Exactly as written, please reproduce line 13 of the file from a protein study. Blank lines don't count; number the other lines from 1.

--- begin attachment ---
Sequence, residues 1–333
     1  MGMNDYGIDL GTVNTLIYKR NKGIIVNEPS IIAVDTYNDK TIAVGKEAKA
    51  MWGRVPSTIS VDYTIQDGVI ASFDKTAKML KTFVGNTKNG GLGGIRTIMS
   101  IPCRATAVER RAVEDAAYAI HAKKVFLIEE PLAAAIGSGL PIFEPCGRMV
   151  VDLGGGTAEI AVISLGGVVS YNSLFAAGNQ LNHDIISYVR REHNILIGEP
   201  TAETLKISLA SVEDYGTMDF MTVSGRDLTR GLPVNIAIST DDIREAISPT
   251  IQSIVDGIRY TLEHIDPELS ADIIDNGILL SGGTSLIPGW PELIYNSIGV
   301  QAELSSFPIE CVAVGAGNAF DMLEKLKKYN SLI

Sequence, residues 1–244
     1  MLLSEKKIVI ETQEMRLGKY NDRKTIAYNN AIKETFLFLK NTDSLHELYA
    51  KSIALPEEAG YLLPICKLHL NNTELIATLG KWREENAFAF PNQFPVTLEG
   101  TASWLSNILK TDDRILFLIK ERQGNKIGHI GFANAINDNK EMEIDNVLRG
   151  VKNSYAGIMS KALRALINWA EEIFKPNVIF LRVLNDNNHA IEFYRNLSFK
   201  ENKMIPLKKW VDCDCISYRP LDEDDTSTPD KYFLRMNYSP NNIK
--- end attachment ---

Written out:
   151  VKNSYAGIMS KALRALINWA EEIFKPNVIF LRVLNDNNHA IEFYRNLSFK